As you can see, skiving has great versatility and allows you to create a variety of looks with the same piece of both hard and soft leather. It’s an essential step in creating high-quality pieces of leather goods that will last through years of wear and tear.
The Perfect Time to Skive
As stated above, skiving is a type of leather processing that involves shaving the leather down to the grain, preserving the natural look and feel of the leather while providing a more durable surface. Skiving is most commonly used for products that require a high level of durability and resistance to wear and tears, such as outdoor sports equipment, fashion accessories, and automobiles. In this case, skiving offers an economical and efficient way to produce a product with a grained surface finish that is both highly functional and appealing. However, skiving can be time-consuming, so it's important to choose skived leather products made from quality materials.
Reasons for Skiving Leather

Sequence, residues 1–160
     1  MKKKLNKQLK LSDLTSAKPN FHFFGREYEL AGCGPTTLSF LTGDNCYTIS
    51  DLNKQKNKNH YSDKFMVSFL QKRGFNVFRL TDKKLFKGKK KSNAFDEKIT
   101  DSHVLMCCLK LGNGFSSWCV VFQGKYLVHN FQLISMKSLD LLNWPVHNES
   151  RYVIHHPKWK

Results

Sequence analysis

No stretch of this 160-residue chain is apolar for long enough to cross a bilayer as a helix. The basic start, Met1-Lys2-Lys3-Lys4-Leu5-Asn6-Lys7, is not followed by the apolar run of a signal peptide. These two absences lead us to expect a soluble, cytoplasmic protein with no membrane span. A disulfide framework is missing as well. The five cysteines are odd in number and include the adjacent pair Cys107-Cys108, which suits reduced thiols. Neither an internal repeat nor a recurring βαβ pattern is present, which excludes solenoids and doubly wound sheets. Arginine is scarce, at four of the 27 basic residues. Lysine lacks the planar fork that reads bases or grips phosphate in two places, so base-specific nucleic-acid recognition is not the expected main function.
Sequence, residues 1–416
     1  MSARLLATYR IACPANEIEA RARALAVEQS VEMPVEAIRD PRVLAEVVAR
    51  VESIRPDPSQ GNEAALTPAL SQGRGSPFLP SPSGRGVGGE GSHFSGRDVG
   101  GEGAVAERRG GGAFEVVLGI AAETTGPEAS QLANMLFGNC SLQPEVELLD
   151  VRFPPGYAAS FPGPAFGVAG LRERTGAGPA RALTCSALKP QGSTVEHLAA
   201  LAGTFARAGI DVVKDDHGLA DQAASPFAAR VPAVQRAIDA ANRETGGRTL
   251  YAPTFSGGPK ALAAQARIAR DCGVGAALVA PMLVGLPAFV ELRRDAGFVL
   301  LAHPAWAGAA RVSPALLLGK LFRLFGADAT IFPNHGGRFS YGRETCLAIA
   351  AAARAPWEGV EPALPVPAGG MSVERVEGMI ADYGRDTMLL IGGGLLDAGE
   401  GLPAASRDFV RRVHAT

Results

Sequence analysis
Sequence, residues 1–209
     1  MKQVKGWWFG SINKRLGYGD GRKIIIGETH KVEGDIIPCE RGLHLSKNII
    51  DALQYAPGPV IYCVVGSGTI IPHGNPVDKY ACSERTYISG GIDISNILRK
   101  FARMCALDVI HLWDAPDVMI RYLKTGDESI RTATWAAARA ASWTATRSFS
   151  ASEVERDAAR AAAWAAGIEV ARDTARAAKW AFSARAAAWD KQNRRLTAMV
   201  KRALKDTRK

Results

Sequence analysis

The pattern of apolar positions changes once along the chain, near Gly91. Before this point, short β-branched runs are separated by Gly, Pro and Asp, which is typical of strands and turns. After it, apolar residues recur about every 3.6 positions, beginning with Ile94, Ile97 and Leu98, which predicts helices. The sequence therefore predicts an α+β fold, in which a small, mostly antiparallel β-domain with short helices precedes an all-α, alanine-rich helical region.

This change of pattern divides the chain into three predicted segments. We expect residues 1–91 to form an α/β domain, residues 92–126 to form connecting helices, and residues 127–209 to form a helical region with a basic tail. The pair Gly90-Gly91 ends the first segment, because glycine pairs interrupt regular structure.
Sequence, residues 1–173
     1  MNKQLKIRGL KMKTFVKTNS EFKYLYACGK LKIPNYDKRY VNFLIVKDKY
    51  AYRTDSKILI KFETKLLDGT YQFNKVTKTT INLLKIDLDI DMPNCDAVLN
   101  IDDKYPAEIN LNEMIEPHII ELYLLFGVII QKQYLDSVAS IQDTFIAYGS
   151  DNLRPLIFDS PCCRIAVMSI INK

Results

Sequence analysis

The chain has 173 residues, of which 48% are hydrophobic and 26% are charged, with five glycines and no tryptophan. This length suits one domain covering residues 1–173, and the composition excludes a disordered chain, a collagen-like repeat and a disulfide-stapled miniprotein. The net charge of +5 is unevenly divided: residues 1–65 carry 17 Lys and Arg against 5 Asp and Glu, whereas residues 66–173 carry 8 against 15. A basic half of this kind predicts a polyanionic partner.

Skiving leather helps improve the water resistance of leather products and makes them more comfortable to wear in the sun. In addition, skiving adds flexibility and softness to leather, making it easier to clean and maintain. Lastly, skiving allows for the creation of vivid colors that can add character and interest to a piece of leather craftsmanship. Overall, skiving is a creative way to improve the durability and comfort of your leather items.
100% Glue Adhesion | Skived Leather
One of the biggest advantages of skiving leather is its 100% glue adhesion. This ensures that the skived leather will not move or come unstuck during use. As a result, the finished product will always maintain its shape and look consistent and smooth.
Increased Durability | Skived Leather
One of the main benefits of skiving leather is that it provides increased durability at a lower cost than other types of leather. This makes skiving leather a smart choice for applications that require a high degree of wear and tear. Besides, skived leather is often used for products such as shoes, bags, and clothing due to its durability and resistance to wear and tear.